I have always enjoyed a challenge. It seems the more obstacles I face and the more opposition I receive, the more determined I become. Countless times throughout my life and ministry, I have had to face the cold reality that circumstances say, “You cannot do it,” and people said, “You will never do it,” but God’s Word reminds us, “I can do all things through Christ who strengthens me.”

Three-Legged Race

Speaking in the city of Jim Thorpe, Pennsylvania, for a series of engagements, I designed a special outreach including relays and an obstacle course in a neighborhood that was nicknamed “Hell’s Half Acre.” It was like a time warp back to the 1960s and was similar to the neighborhood where I had been raised. Both the youth and the adults loved the competition.

Before the start of a three-legged race, Steven, a youth of about twelve years of age, hobbled over to me with a crutch. His leg was badly crippled, yet he asked if he could compete in the three-legged race. He said, “I don’t need a partner as I already have three legs.” I told him to go for it. He competed with fervent determination and nearly won the race. Before sharing my testimony following the competition, I acknowledged this youth for his courage, determination and attitude, then awarded him a Reaching Your Maximum Potential T-shirt which he appreciated and greatly deserved.

What Is Your Dream?

Proverbs 29:18 says:

Where there is no vision [revelation], the people are unrestrained [out of control], but happy [blessed] is one who keeps the Law.

To have determination that never gives up, you must have goals, dreams and vision. Believe that through Christ you can do it. Be willing to pay the price at all cost, and be motivated and empowered by His Spirit to persevere no matter what the challenge.

What goals and vision has the Lord given you through study of His Word and prayer? If you do not have any, then spend time in Scripture, prayer and fasting, and God will put His goals, His dreams, His vision and His desires in your heart. One of the reasons I am still in the ministry and still excited is due to my goals and vision for the future. When I achieve one goal, God gives me one or two more. That keeps me motivated. I often pray: “Lord, put Your goals, dreams and vision in my heart. Give me unwavering faith to believe You and the motivation and determination to persevere.” And remember, anything worth doing is worth doing with excellence. Strive to be the best you can be at whatever you do.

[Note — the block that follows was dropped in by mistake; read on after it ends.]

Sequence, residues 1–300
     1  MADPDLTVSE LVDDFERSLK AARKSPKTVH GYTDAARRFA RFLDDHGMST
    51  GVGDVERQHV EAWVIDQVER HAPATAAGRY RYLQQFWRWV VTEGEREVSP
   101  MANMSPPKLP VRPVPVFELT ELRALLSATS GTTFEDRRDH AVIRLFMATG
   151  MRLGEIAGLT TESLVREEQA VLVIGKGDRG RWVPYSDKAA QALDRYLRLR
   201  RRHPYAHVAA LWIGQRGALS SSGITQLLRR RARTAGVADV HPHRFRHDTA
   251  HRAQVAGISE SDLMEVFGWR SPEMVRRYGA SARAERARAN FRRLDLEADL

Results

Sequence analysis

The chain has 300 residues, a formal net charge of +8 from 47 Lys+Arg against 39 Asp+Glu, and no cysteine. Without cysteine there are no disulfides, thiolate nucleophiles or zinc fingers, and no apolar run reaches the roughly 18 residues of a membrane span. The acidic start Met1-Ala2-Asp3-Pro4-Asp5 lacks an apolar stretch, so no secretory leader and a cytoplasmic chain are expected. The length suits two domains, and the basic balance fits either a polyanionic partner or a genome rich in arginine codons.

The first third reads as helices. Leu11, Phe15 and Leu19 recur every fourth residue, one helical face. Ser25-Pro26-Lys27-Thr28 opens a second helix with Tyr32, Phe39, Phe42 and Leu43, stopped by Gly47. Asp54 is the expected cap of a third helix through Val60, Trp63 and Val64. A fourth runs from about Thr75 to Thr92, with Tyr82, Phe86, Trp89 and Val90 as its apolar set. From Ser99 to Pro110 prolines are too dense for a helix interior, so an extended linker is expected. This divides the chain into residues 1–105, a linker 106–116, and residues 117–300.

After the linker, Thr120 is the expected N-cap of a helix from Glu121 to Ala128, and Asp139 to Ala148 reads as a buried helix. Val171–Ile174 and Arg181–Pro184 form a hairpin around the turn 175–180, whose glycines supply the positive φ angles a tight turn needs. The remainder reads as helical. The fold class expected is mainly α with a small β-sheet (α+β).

Determination of a Navy SWCC and SEAL

My oldest grandson, like his uncle BJ, excelled in soccer; playing for two national traveling teams. However, he gave up a college Division I soccer scholarship to enlist in the Navy and try out for Special Forces. His determination and never-quit attitude was already honed through the many difficulties and hard training he experienced in soccer. His self-imposed intense workout routines helped prepare him for the severe and extremely rigorous training at Special Forces—crawling through broken seashells and then, with open wounds, crawling through fresh sewage and repeatedly enduring freezing cold water.

My brother Ken gave an insightful quote: “If you want to be the best, you have to face the worst.” The additional challenges my grandson has faced for remaining faithful to Christ have been almost incomprehensible, but so far, with God’s help, he has overcome.

He enlisted in the Navy at age 18 with a goal and a dream to become a SWCC (SpecialWarfare Combatant Crewman). During Navy SWCC Selection, after many were either sent home or quit, a SWCC instructor asked him, “Are you going to quit?” “They will have to kill me” he replied. What he endured was horrific but he refused to give up and by age 19 he achieved his goal of Naval Special Operations Forces.

During the prestigious graduation ceremony in Coronado, the commander mentioned that my grandson gave up a college scholarship to play soccer. He then enthusiastically said to him, “Welcome to the pros!”